Just in time for theholidays! Get your Frida Kahlo dinner plate! Julie Hellwich from Smart Women Companyis here totell us why women are drawn to Frida’s image or any image that remindsus of ouralter ego on day-to-day objects.
Julie Hellwich is the founder of Smart Women company, which began in 1999 at her kitchen table. She is a former homecoming queen, hockey enthusiast, and environmental geography major. She wanted to create inexpensive gifts for friends.Since then, it has taken off with major success. Even Hillary Clinton owns someSmart Women swag! In 2006, she partnered with the League of Women Voters to launch her Smart Women Vote campaign.
Her success is due to her ethical business practices and her devout Minnesota fan base. She says, “The botom line isn’t the only measure of success.” Indeed! Read On!
“ I love Frida because even on a discounted plate from Marshall’s Home Store, she stands out from the crowd.”Thus notes Nikki Hardin, Publisher of “ Skirt!” Magazine, on the shopping favorites “ Skirt!Loves” (obligatory for women’s magazines) page*.Or, in the words of Lia, my 28 year old daughter, “ One reason I love Frida, is because she is scandalous”.Iconic and scandalous.All this from a gold-rimmed salad plate?
It was under Lia’s shopping tutelage I first learned of Frida. Her holiday gift list read something with Frida’s image’.Why does Frida’s image appeal to us on household images? I think part of it is that women have traditionally left their personal mark (unless they were artists) in the day-to-day objects that centered their lives.
Think appliquéd toaster covers (growing up, ours had a rooster), crocheted tea cozies, embroidered hand towels and knitted mittens. It’s in the everyday objects we use that give women expression. Grandma Betty knit sweaters for Barbie.Crafty knitters today sport skeletons, graffiti, body parts; messages and symbols that juxtapose the culture of sex positive’ with the comfort of snuggly booties. There is a similar dissonance – a nod to extreme-homemaker – that makes sense of the appeal and commercialization of Frida’s art.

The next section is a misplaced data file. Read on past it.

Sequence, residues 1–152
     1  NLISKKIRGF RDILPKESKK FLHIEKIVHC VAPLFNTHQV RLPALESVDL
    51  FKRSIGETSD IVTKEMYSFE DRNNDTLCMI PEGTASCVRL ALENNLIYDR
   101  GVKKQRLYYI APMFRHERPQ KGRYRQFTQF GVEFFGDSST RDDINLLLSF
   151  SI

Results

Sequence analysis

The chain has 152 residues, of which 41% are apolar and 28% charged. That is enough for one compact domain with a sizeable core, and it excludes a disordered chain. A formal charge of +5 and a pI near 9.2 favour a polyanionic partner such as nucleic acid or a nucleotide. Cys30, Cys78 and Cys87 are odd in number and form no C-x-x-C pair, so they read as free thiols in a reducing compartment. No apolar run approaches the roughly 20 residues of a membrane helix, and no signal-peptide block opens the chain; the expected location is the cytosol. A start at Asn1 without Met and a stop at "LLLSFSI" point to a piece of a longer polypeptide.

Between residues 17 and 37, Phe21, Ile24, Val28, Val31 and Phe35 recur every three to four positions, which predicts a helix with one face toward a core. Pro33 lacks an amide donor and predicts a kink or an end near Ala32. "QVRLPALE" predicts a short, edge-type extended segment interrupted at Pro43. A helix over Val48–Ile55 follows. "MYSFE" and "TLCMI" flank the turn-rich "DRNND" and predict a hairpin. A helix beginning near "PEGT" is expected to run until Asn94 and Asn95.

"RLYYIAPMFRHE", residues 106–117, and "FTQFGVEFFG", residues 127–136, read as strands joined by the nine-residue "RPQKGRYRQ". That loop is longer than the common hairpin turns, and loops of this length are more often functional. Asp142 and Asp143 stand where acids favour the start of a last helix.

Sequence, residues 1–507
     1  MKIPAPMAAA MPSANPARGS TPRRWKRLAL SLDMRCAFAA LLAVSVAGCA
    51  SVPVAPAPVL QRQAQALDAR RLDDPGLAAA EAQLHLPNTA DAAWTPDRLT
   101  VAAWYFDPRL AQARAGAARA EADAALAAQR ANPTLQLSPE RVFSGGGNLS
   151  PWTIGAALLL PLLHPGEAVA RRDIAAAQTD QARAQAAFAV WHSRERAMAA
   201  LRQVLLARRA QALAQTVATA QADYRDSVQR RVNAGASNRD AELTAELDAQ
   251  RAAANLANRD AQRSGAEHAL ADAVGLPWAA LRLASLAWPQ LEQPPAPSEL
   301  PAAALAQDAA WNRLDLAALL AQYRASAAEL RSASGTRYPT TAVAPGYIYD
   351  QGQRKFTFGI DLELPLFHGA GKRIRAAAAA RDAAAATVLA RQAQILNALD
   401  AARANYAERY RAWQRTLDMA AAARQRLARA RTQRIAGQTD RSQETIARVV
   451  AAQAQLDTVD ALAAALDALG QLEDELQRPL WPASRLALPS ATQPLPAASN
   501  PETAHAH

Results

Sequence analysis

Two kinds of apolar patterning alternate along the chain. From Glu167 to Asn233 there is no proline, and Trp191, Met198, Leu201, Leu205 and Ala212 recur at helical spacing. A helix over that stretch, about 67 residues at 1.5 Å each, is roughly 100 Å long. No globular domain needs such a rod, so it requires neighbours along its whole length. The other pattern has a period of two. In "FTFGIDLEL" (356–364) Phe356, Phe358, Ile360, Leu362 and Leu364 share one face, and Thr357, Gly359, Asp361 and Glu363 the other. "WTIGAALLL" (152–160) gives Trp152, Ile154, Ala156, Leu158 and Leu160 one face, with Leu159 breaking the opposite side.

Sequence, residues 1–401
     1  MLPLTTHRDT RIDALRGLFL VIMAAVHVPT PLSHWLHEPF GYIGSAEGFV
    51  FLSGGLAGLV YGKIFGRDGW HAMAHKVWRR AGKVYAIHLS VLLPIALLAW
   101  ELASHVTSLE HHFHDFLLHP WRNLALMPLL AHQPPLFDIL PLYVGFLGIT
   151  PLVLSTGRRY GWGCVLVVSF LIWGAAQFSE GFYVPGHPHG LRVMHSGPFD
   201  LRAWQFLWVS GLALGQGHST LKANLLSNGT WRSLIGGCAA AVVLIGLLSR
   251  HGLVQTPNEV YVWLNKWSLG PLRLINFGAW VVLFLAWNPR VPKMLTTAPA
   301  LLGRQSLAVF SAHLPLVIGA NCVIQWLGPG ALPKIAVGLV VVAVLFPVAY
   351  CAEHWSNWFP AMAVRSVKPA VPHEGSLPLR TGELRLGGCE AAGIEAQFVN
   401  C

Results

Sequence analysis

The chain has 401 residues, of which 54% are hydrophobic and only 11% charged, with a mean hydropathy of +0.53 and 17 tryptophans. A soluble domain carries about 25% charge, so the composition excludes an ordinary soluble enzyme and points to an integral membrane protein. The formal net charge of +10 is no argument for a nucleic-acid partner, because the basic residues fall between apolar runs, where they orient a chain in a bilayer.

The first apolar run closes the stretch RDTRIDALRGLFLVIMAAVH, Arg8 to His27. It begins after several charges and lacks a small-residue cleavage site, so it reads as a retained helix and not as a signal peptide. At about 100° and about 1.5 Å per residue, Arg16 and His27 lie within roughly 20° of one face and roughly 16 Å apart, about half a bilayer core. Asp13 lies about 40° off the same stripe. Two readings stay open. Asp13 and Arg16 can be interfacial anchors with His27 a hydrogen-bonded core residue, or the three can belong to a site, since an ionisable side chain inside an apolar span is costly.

I think in some way, Frida sells a message (via the kitchen magnet).A message of acting, acting-out, out of a prescripted female norm.Our prescripted female norms are most present or oppressing in the domestic, every day areas of our lives….how and why we do the cooking, make the bed or set the table.When we drive to the store to get milk, or, put on our lipstick….whether we are acting within the norms or without; by choice or by default, we like to be reminded (visually, tactilely, every day) that we have choices in how we act, acquiesce or rebel.
I like the quote below from a NY Times, (September 8, 2002) article by Stephanie Zacharek, “ Ms. Taymor said the profusion of Kahlo kitsch is not necessarily a bad thing. If people are attached to their mouse pads and magnets, she says, it’s because ”they’re needing something. So we have to ask, ‘What is that? What need does she fill?’ As opposed to saying, ‘Oh, it diminishes her.’ Nothing diminishes her,” Ms. Taymor said. ”There is something that is so direct about her paintings, that says, ‘I am profoundly who I am.’ ”
Maybe the Kahlo kitsch’ reminds us all that we are profoundly who we are’. The images on that mousepad may move us to profoundness’ through our work, communication, or personal appearance – to pluck or not to pluck.
Smart Women Company delivers a message via every-day products. These messages speak to women’s intelligence.“ Smart Women Make Changes” eraser, or, “ Smart Women Thirst for Knowledge’ mug.The messages on these products appeal to women, in part, I believe, because they are a refreshing change from the plethora of products that speak to women’s vanity.
Messages are powerful.Independence is powerful. Frida’s art – and the kitschy manifestations of same – are powerful statements in the art of life (domestic or other).
Charleston South Carolina.